One of the best surprises from last week's Golden Globes nominations was the inclusion of Sally Hawkins in the supporting actress category for "Blue Jasmine." As Cate Blanchett's on-screen sister Ginger, Hawkins, who is British, played her first American character, a role that she carried off with the help of dialect coach and studying performances from Julianne Moore and Laura Linney.
"Blue Jasmine" is the second time Hawkins has collaborated with Woody Allen, following 2007's "Cassandra's Dream." In 2011, Hawkins won a Golden Globe for her breakthrough turn in Mike Leigh's "Happy-Go-Lucky" as a jubilant London grade school teacher. When she stumbled to the podium that night, her fellow nominee Meryl Streep whispered in her ear, "Are you happy now?"
"Blue Jasmine" and some of her other roles.
I want to ask you about something not related to Woody Allen first. Is it true that were an extra on "Star Wars: The Phantom Menace"?
Oh, I don't even know if I made the final cut. It was one day, many, many years ago. I was still in drama school. A friend was working on it and got me in. I was in a huge audience scene. We were replicated about a thousand times.
Did you wear a costume?
I wore a chiffon costume. It was quite a look. And I saw Ewan [McGregor]. He would not remember me.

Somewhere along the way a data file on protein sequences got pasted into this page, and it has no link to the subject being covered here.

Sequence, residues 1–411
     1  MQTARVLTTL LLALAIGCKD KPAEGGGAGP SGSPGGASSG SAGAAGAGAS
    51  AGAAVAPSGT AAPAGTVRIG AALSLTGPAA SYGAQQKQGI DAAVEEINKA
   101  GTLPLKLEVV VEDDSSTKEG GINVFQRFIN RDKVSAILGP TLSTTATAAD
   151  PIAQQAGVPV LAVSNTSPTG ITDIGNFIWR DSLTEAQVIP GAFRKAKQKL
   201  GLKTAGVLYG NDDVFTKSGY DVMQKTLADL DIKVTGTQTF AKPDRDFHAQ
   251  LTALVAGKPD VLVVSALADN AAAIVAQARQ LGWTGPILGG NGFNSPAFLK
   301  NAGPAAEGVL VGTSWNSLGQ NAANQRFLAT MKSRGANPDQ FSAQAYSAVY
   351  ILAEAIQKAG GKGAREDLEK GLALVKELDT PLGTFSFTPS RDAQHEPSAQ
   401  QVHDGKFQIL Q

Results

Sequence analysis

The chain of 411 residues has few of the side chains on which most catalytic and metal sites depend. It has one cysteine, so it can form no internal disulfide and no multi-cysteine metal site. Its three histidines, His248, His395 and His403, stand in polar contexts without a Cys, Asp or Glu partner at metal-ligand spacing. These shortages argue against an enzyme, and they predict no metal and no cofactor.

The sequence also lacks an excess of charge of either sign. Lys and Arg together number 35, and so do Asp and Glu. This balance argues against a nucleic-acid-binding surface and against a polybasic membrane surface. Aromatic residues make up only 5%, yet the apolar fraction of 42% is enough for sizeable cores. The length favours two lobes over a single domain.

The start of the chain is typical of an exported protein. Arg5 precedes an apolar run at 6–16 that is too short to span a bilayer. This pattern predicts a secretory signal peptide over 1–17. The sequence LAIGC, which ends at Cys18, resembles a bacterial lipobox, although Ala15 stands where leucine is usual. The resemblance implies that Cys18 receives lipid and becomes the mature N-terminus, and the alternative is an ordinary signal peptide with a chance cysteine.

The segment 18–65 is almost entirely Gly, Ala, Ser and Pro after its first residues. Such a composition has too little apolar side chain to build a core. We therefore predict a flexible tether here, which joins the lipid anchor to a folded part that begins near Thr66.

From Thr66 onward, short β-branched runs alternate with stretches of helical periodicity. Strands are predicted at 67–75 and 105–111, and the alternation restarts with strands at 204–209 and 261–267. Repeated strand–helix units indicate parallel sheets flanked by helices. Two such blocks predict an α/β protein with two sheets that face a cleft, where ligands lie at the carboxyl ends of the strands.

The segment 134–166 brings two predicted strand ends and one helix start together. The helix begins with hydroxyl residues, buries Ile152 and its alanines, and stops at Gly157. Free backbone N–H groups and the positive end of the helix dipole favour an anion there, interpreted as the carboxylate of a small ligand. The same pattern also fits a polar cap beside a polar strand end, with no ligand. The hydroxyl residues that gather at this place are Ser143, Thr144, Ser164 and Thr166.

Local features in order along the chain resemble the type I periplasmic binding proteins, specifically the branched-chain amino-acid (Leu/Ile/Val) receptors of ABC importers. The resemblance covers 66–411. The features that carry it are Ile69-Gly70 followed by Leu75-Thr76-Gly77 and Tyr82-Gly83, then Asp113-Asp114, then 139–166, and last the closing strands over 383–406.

That's right you later worked with him on "Cassandra's Dream." Did you tell him about the cameo?
I never told him. I just passed by him. He was playing football, and I was on my way to set.
Did you meet George Lucas?
No, certainly not. I was just an extra in the village. I got paid 100 quid, I think.
Why did Woody think of you for Ginger?
I don't know. You'd have to ask Woody that. As far as I knew, I just went in for casting. I knew it was an American, so it would be a longshot.
Haven't you played an American before?
No, and I was anxious about that. It was like "Cassandra's Dream." How he cast for that, I went to see him after he saw a screen test. This time, he didn't see a screen test. I just went along to read. You sit in a room for 10 minutes with the scene he's given you. He comes in and he watches you read it.
Was that scary?
Terrifying. It's always scary, whoever it is. But more so because it's Woody.
How did you find the accent?
I had great help from [dialect coach] Carla Meyer, who Cate's worked with before. I wanted to get to the States as quickly as possible, to immerse myself in the accent and do the proper work. She's an amalgamation of many different sounds. But she's also putting on something. She's escaped that adopted family life to start again. She has a mixture of New York thing going on, but she also has a San Francisco thing. We didn't want to make it too New York.
Sally Hawkins on her Secret 'Star Wars' Role and 'Blue Jasmine'
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